The R1T is an all-electric pickup scheduled to beat Tesla’s Cybertruck to the market by two years. It has a promised range of up to 400 miles, up to 750 hp, and 11,000 pounds of towing capacity. Acceleration from 0 to 60 mph is claimed to be 3 seconds. It also has a transverse tunnel between the bed and the cab for storage. The R1S is a three-row luxury SUV version. Rivian is the rare tech startup that has attracted heavy-duty investors, including Amazon, Ford, and Cox Automotive. Unlike other EV companies that have faded like vaporware, Rivian may have the ability to sop up some of the pent-up demand for an electric pickup while Tesla is still developing its Cybertruck concept.
Cost: $69,000 to $72,500
On sale: Late 2020

Learn more about the Rivian R1T and R1S.

Tesla Cybertruck

It’s a radical rethinking of what a pickup truck should be, from its angular, one-of-a-kind stainless steel exoskeleton to its 7,500-pound towing capacity. But by the time the Cybertruck arrives, it will face heavy competition from the likes of Rivian and Ford, as well as from upstarts like Lordstown Motors and Bollinger. It’s hard to know what to make of this bizarre vehicle. It has the buzz you would expect of an Elon Musk-inspired creation, and large numbers of risk-free $100 deposits. But most analysts think this will be a niche vehicle for Tesla enthusiasts rather than a volume player in the huge U.S. pickup market.
Cost: $40,000 to $70,000
On sale: 2022

Learn more about the Tesla Cybertruck.

Volkswagen ID.4

With an estimated range of 250 miles, the ID.4 will be Volkswagen’s first “long range” EV. A sleek compact SUV, it will be slightly smaller than the Volkswagen Tiguan, and will initially come with a 201-hp rear-wheel-drive setup. A 302-hp version with all-wheel drive will be available later in 2021. Volkswagen says that although the first run of ID.4s will be built in Germany, U.S.-market models will be built at the company’s factory in Chattanooga, Tenn., starting in 2022. Built to compete with sporty SUVs, such as the Tesla Model Y and the Ford Mustang Mach-E, the ID.4 will come with three years of free fast-charging through the Electrify America network of charging stations.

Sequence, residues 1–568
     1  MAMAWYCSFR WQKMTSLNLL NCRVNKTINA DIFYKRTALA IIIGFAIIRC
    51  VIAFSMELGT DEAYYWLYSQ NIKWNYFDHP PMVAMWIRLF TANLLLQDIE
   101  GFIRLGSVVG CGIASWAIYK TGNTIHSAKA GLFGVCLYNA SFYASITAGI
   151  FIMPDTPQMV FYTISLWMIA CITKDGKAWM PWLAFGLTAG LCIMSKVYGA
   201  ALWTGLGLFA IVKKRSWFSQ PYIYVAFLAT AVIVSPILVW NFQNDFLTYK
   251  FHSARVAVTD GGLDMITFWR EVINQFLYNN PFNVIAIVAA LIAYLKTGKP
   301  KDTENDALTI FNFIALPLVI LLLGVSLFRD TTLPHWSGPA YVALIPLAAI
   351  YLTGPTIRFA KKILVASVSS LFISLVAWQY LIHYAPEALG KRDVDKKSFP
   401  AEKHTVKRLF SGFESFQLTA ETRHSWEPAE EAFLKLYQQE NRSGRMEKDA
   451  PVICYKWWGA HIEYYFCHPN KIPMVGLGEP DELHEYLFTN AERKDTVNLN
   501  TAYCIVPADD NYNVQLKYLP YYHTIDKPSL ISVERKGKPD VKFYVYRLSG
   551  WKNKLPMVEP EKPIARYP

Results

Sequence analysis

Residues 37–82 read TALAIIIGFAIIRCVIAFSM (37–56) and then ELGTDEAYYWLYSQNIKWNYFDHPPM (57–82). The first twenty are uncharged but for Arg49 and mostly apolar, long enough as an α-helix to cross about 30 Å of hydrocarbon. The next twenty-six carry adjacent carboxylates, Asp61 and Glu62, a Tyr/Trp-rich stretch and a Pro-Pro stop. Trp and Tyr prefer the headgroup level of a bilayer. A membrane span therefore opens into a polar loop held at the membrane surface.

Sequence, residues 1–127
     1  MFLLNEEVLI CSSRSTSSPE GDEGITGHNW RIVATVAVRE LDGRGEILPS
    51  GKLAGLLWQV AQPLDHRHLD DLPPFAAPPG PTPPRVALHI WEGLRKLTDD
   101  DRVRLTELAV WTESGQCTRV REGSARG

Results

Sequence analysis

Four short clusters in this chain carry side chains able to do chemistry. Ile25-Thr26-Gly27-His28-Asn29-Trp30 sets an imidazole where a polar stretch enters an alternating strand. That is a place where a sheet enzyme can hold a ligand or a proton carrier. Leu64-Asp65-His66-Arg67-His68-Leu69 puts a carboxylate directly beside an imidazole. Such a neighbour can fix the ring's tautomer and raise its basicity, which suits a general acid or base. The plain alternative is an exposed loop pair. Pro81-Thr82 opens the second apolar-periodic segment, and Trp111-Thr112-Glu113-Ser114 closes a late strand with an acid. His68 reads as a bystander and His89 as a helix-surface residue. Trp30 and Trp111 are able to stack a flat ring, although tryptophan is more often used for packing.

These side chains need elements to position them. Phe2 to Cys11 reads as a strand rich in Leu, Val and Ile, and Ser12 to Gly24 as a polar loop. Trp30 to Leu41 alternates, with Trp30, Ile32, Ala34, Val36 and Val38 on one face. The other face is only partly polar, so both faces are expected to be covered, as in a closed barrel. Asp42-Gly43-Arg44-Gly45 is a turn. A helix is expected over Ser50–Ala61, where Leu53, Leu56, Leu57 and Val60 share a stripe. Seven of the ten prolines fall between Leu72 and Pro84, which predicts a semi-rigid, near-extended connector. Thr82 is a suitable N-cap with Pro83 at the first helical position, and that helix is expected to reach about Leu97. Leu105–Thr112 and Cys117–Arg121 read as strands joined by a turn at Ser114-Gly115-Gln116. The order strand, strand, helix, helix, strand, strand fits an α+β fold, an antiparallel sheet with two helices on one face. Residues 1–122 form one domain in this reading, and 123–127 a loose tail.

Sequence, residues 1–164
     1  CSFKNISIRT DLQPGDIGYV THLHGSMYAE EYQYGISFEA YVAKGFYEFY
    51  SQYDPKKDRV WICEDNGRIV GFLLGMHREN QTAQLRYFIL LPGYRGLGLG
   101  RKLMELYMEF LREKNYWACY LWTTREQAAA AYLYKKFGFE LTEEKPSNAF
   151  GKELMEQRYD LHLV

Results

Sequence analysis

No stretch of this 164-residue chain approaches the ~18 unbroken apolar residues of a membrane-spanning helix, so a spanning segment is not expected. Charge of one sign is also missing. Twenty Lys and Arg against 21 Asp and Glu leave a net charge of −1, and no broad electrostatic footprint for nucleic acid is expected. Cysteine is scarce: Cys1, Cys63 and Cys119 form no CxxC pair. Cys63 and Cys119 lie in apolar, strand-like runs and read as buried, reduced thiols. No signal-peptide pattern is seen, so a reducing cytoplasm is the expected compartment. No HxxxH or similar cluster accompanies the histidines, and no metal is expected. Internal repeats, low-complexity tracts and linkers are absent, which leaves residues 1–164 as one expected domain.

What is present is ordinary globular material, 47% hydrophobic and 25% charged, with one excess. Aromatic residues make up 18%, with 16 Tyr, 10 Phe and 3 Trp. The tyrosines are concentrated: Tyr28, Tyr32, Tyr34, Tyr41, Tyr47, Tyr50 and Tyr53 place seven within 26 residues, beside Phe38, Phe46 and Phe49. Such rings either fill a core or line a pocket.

Cost: $39,995 to $43,695
On sale: Early 2021

Learn more about the Volkswagen ID.4. 

Volvo XC40 Recharge

The XC40 Recharge is essentially an electric version of its gas-powered XC40 sibling, but it will be quicker and quieter. Volvo’s first all-electric SUV is smaller than the nonelectric XC60 and has an expected 200-mile range. High-performance front and rear motors give the Recharge all-wheel drive, and the 402 hp should deliver quick acceleration. The Recharge will come with adaptive cruise control (ACC), lane centering, and blind spot warning (BSW), along with a key fob that the historically safety-conscious automaker says will prevent thieves from stealing its digital coding. The Recharge will be the first Volvo that uses Android software for the infotainment system, which will allow the SUV to get software updates over the air.
Cost: $55,000
On sale: Fall 2020

Electric Cars 101

Electric cars are bringing some of the biggest changes the auto industry has seen in years. On the “Consumer 101” TV show, Consumer Reports expert Jake Fisher explains to host Jack Rico why these vehicles might not be as newfangled as you think.